New Evidence Relates to Kmart's Accounting Irregularities
Discount retailer Kmart is undergoing an internal investigation into irregular accounting practices in light of the company's restatement of 2001 and 2002 earnings and its Chapter 11 bankruptcy filing. The Securities and Exchange Commission (SEC) is investigating Kmart, as is the U.S. Attorney's Office for the Eastern District of Michigan, and the FBI is also investigating Kmart on possible criminal charges. The company filed for bankruptcy on January 22, 2002.
In January an anonymous letter initiated an internal probe of the company's accounting practices. The contents of the letter were not made public at that time. Now, the Detroit News has obtained a copy of the letter that states that, "On several occasions [Kmart employees] have been directed to post and summarize transactions in obvious violation of [generally accepted accounting] standards." The letter, dated January 9, 2002, purports to be written by members of Kmart's finance division.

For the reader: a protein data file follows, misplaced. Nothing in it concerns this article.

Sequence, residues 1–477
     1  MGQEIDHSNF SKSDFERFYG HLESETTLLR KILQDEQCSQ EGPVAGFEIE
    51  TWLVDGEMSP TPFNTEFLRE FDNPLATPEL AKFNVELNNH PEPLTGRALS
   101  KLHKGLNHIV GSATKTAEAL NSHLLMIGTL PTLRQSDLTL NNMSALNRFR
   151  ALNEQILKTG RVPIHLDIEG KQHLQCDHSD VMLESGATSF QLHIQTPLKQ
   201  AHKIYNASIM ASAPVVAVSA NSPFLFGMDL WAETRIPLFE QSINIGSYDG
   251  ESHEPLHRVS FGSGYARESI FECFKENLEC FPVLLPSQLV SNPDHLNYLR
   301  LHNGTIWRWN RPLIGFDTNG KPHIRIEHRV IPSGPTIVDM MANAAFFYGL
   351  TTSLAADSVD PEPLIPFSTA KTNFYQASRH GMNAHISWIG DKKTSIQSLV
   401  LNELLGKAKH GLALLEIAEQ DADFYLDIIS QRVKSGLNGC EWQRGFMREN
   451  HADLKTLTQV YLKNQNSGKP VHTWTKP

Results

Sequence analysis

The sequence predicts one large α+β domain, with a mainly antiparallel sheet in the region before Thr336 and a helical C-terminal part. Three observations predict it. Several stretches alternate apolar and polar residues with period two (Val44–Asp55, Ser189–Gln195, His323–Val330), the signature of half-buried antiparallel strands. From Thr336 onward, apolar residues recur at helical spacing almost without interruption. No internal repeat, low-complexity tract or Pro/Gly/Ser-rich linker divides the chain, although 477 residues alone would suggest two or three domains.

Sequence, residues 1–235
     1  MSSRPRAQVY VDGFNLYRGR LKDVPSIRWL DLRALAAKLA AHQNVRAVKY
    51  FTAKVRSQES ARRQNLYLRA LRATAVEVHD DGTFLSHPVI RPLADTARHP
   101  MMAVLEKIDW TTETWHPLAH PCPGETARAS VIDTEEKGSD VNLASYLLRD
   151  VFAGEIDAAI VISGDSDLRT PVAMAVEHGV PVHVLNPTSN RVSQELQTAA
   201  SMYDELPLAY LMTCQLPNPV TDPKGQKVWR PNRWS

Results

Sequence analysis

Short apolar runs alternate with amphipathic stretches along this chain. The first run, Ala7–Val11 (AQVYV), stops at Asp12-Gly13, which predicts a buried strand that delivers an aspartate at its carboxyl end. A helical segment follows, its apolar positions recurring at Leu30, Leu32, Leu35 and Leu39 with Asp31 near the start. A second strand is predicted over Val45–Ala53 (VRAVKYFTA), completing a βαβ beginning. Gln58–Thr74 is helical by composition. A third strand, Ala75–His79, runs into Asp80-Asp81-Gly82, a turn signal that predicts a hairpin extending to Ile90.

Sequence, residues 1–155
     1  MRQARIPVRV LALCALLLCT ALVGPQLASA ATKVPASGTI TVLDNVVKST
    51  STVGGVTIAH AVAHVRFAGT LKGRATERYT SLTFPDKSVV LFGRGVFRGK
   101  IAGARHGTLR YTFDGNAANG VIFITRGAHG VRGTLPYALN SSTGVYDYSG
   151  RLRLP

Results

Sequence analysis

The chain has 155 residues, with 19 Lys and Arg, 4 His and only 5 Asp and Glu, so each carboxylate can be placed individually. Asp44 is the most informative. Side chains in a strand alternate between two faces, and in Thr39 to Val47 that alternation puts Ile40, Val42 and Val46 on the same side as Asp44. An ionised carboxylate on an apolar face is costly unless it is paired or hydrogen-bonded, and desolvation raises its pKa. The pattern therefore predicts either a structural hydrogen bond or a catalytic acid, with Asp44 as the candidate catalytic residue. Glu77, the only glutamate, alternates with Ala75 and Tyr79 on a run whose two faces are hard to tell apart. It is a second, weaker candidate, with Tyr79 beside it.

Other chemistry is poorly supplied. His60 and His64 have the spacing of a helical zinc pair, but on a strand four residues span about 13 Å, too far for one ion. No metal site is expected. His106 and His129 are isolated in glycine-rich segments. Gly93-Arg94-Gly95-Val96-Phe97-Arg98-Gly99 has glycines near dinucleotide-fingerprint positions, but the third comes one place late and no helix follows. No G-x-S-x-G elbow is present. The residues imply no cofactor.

The letter goes on, "We are now closing our books for the full fiscal year making even more improper entries. We have been clearly told that questioning any accounting practices will be viewed as unacceptable team behavior." Allegations in the letter point to senior Kmart officials as purposely violating accounting principles with the knowledge of the company's auditors, PricewaterhouseCoopers.
The U.S. Attorney's office reports that more than one anonymous letter has been received.
Last week the company reported a $1.02 billion loss for the month of April. Earlier this month Kmart announced it was filing for an extension of time to file its Annual Report with the SEC so that the company's new management team could have enough time to complete its review of Kmart's accounting policies and procedures.